PROSThe pros which is basically the side of thegovernment, well-heeled and articulate leaders fromacademe, the business and the media.
Enhancing the quality of basic education in the Philippines is urgent and critical. The poor quality of basic education is reflected in the low achievement scores of Filipino students. One reason is that students do not get adequate instructional time or time on task. International test results consistently show Filipino students lagging way behind practically everybody else in the world. In the 2008 mathematics exam, for example, we came in the dead last. The congested curriculum partly explains the present state of education. Twelve years of content are crammed into ten years.
This quality of education is reflected in the inadequate preparation of high school graduates for the world of work or entrepreneurship or higher education. If ten years were adequate, how come employers do not hire fresh high school graduates. Most graduates are too young to enter labour force. Since most children start grade 1 when they are six years old, they do not reach legal employable age of 18 when they graduate high school today. The current system also reinforces the misperception that basic education is just a preparatory step for higher education. Why prioritize the minority of high school graduates that go to college?
The short duration of the basic education program also puts the millions of overseas Filipino workers (OFWs), especially the professionals, and those who intend to study abroad, at a disadvantage. Our graduates are not automatically recognized as professionals abroad.” The best examples are our engineering graduates, who are condemned to international jobs not befitting their professional status due to our not having a 12-year basic education cycle
CONSThe Cons which are basically the common peoplewhose pockets would adversely impacted by theproposed additional 2 years of basic education.
Parents have to shell out more money (for transportation and food) for the education of their children. The government does not have the money to pay for two more years of free education, since it does not even have the money to fully support today’s ten years. DepEd must first solve the lack of classrooms, furniture and equipment, qualified teachers, and error-free textbooks. We can do in ten years what everyone else in the world takes 12 years to do. Why do we have to follow what the rest of the world is doing? Filipinos right now are accepted in prestigious graduate schools in the world, even with only ten years of basic education.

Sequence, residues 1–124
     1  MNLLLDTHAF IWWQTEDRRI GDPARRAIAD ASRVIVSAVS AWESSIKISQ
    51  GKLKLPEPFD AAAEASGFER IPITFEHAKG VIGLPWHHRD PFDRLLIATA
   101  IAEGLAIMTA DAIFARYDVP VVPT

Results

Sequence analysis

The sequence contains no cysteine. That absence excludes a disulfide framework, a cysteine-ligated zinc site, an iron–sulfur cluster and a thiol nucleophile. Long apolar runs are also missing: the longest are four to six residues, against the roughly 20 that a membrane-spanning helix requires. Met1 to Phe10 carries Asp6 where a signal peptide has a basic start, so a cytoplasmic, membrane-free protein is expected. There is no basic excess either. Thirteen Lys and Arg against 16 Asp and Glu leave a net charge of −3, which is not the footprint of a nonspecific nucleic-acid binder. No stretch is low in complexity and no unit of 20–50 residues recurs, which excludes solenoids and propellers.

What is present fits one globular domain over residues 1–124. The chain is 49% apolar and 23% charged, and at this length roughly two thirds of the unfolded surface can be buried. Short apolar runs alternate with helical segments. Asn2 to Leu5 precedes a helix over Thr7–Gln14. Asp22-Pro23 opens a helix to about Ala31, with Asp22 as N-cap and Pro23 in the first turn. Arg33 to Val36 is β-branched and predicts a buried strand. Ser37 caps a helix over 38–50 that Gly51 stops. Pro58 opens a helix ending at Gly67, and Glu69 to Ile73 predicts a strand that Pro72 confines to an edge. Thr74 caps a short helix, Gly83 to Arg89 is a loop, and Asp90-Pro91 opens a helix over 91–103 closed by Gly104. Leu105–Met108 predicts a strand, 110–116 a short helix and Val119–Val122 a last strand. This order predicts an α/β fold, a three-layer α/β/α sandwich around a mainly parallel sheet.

As far as the curriculum is concerned, DepEd should fix the current subjects instead of adding new ones. The problem is the content, not the length, of basic education. We need to have better education, not more education. While students are stuck in Grades 11 and 12, colleges and universities will have no freshmen for two years. This will spell financial disaster for many private Higher Education Institutions (HEIs). K-12 is the Aquino government’s way out to the grave problem of unemployment. To sustain the government’s labor export policy, it needs to create a generation of educated youth who are immediately deployable for labor export.
Under this system, it seeks to have the Filipino youth graduate and finished high school as 18 years old; it is the age which can legally enter into labour market. Every family dreams of having a child graduate from college. The drop-out rate will increase because of the two extra years. Lastly, by putting into operation the K-12, the Aquino government will further advance its policy of abandoning tertiary education and will rationalize the absolute cut off of state support for colleges and universities.